Costa Rica tree-planting ‘carbon neutral’ project

Costa Rica has announced plans to embark on a tree-planting project in order to make the biodiversity hotspot nation carbon neutral.

Plane tree leaves and fruit

The goal for 2008 is to plant seven million trees, which officials say will equate to 1.5 trees per person.

The Costa Rica Conservation Trust, which is not directly connected to this proejct, says nearly 26% of the nation’s land is protected in the form of national parks and private preserves, and holds around 6% of the world’s bio-diversity.

But the Trust adds that there are few corridors of protected areas to link together the national parks and reserves and illegal loggers and poachers seek out farmers and landowners boardering national parks by offering them bribes for access through their properties and into the national parks and reserves.

Here is the report from AFP:

SAN JOSE (AFP) — Costa Rica will plant seven million trees in 2008 to soak up as many greenhouse gas emissions as it produces, in a bid to become the world’s first carbon neutral nation, a top official said Monday.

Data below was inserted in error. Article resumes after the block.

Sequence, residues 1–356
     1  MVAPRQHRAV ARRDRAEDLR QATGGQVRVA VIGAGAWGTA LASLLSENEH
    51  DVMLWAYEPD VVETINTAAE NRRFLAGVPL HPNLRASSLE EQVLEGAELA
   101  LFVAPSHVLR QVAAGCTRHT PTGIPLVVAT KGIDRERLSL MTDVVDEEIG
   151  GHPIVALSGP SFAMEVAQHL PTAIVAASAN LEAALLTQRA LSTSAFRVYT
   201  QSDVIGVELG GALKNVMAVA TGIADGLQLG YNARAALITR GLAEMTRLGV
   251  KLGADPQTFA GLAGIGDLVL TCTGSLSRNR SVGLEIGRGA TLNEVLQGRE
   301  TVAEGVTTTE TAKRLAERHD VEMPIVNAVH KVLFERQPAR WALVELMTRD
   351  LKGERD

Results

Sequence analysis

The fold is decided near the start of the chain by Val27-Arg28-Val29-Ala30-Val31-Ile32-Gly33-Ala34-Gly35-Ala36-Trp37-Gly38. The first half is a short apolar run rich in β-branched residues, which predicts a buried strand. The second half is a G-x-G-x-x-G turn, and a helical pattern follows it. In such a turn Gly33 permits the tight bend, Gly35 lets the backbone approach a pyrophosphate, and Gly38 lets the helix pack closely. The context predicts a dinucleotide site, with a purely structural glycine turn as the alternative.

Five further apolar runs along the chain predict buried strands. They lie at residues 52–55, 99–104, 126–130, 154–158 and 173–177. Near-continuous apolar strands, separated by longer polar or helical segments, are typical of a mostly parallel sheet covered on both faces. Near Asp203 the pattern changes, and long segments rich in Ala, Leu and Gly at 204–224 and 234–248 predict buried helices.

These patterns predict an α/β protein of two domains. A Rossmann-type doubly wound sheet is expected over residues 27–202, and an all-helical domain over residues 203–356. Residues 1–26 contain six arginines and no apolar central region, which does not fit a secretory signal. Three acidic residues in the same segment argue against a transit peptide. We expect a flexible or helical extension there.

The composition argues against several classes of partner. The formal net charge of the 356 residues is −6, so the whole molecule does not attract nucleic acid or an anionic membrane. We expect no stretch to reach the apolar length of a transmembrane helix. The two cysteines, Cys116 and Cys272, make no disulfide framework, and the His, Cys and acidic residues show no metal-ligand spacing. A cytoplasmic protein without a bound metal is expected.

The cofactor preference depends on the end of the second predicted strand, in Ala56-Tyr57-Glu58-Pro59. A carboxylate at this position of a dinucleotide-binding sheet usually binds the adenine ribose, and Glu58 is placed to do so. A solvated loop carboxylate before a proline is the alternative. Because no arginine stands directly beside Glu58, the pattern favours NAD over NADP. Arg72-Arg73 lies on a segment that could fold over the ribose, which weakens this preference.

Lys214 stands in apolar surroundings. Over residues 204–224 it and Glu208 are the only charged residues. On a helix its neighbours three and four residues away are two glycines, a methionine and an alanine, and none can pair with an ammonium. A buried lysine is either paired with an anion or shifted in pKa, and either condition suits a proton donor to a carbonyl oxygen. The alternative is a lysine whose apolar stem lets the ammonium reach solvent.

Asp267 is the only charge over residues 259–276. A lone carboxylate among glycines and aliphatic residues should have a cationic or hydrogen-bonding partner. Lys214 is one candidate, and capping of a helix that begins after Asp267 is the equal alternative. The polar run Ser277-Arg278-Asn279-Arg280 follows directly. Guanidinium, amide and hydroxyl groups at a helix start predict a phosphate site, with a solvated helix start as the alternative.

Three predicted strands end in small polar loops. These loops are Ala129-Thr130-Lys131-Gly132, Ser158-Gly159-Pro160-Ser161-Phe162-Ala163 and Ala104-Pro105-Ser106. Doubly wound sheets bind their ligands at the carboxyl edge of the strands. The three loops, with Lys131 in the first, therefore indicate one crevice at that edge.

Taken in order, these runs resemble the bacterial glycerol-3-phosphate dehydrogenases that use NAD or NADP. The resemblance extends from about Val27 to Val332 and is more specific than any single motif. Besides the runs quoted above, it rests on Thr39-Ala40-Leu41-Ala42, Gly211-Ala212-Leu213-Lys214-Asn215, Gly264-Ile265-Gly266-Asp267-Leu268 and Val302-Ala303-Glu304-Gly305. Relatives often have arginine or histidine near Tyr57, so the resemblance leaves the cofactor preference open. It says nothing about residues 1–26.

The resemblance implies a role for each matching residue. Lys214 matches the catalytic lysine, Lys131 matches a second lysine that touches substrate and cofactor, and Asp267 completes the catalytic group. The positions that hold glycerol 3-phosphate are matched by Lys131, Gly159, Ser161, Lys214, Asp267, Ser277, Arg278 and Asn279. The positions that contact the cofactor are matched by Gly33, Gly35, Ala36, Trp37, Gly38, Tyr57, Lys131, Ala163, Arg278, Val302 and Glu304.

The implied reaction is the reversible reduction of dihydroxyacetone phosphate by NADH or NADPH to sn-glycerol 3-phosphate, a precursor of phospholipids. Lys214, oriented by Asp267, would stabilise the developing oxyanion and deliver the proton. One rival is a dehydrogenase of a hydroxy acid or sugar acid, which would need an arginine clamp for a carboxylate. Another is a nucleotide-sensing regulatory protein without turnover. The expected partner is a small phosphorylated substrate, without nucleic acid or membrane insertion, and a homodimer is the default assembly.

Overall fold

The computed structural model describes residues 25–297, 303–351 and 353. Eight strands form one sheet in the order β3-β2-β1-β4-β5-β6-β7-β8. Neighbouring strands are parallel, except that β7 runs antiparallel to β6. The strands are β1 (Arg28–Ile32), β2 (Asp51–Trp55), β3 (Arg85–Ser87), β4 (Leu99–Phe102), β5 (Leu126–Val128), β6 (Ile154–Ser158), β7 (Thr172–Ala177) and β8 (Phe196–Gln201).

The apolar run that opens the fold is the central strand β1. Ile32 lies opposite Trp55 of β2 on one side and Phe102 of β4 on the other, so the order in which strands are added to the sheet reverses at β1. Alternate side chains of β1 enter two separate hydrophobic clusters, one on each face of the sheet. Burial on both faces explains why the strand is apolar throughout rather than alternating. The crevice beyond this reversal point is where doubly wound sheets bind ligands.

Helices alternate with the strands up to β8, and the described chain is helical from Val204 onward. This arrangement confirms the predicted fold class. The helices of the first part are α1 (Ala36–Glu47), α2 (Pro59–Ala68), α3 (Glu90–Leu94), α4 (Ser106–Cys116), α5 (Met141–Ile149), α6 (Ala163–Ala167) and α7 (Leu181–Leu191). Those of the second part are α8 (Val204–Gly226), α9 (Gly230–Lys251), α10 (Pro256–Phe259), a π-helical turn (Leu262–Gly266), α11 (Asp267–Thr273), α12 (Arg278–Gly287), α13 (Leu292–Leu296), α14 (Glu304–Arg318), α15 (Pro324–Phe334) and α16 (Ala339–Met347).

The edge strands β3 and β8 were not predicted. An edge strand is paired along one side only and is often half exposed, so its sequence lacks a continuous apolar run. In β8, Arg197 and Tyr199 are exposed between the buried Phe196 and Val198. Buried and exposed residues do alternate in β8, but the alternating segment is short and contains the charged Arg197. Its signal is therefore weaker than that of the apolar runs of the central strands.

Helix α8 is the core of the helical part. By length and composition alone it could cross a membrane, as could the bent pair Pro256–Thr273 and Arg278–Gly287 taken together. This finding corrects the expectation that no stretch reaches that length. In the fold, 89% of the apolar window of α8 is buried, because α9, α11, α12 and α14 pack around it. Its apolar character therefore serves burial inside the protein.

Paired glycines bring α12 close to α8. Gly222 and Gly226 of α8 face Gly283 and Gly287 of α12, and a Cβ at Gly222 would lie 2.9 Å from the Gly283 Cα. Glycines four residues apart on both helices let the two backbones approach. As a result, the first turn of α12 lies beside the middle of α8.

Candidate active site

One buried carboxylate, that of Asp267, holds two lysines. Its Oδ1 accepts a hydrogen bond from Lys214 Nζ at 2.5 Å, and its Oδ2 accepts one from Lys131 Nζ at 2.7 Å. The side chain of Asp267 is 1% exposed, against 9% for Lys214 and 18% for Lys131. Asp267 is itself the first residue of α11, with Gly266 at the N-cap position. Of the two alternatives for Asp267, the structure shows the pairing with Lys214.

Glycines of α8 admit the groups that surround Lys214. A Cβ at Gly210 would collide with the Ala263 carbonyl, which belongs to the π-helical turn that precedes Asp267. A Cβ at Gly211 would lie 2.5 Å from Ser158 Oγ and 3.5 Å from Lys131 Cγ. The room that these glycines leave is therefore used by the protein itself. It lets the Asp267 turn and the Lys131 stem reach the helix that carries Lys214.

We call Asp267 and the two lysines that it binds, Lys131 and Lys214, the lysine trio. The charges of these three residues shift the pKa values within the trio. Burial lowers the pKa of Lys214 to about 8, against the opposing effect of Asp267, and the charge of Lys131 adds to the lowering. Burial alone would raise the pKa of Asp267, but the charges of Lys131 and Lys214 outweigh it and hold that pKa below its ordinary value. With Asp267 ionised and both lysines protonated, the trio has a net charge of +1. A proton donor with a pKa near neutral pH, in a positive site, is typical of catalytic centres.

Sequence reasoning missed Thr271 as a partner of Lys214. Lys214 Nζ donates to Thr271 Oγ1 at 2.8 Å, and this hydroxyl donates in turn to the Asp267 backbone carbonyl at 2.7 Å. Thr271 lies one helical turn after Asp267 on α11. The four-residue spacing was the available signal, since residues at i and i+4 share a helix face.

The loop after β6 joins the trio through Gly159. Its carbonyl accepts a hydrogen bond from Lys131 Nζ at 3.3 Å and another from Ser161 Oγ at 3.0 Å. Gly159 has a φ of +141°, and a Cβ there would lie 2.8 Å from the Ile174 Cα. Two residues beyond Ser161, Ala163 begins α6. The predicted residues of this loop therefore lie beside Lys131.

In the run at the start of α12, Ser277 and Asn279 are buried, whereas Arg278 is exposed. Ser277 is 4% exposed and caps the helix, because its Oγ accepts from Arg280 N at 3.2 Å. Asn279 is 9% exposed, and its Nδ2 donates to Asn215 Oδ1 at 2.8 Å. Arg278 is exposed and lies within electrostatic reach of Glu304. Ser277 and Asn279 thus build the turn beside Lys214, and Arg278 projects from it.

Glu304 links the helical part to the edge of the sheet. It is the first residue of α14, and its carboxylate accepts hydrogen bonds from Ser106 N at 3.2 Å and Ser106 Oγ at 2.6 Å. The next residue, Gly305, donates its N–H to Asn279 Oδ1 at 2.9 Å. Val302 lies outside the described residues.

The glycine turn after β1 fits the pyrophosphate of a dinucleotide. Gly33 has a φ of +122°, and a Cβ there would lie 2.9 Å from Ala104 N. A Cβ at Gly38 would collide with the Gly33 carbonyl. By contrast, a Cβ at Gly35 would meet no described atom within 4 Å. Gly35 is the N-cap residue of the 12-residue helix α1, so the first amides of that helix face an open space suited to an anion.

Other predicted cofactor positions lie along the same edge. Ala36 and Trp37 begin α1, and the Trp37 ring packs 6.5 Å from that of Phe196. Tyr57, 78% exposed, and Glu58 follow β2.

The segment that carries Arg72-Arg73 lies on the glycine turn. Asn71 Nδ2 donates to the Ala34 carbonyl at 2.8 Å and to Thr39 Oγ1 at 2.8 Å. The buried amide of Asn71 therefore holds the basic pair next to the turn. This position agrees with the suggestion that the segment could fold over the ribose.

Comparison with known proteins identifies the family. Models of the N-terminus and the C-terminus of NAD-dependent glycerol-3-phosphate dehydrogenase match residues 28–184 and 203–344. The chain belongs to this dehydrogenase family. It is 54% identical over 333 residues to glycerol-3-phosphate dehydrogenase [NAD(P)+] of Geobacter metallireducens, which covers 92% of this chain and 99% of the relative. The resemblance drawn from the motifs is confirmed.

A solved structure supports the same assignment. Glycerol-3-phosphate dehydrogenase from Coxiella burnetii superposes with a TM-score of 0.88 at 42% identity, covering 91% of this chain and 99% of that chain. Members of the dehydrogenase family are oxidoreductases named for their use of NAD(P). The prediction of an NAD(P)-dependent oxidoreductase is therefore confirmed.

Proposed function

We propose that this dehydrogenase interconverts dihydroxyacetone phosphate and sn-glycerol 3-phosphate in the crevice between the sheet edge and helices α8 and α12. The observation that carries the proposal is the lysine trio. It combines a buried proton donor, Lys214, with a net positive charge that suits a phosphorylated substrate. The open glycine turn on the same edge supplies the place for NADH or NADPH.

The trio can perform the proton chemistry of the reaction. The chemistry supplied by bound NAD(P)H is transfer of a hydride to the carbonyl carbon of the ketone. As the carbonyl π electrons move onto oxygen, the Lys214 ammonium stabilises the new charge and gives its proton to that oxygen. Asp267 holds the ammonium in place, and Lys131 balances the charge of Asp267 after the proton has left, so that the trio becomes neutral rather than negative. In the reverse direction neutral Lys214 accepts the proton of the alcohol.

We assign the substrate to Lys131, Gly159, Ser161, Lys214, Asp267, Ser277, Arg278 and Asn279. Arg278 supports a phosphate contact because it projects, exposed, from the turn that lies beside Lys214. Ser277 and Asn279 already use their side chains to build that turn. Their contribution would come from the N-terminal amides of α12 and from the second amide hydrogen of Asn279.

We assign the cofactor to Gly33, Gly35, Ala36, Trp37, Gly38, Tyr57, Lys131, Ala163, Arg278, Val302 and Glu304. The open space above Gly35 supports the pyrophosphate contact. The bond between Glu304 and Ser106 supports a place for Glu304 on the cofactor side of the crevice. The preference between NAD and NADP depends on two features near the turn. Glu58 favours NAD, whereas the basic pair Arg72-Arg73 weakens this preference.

“The stated goal is to be the first neutral country as far as greenhouse gas emissions is concerned,” said Energy and Environment Minister Roberto Dobles.

“To get there, this administration is betting on halting deforestation and on the ‘Plant a Tree’ project,” he added, referring to an ongoing government initiative to plant as many trees as possible in the country.

The project aims to “plant seven million trees this year, meaning that in our country there would be 1.5 trees for each Costa Rican.

He added that in 2007 the country managed to plant five million trees, spurred by the desire to forestall an impending environmental catastrophe.

“Climate change is the main threat facing humanity and, even so, the world still can’t agree to fight this problem,” Dobles said.

Every country can help in the struggle, even a small nation like his own, Dobles said.

“We all know developed countries and big developing nations like China, Brazil and India are chiefly responsible for most of the greenhouse gases that destroy the ozone layer.

“That doesn’t mean a country like Costa Rica should stand by doing nothing. On the contrary, we’re working on a series of initiatives on the national and global levels to lessen the impact” of climate change, the minister said.

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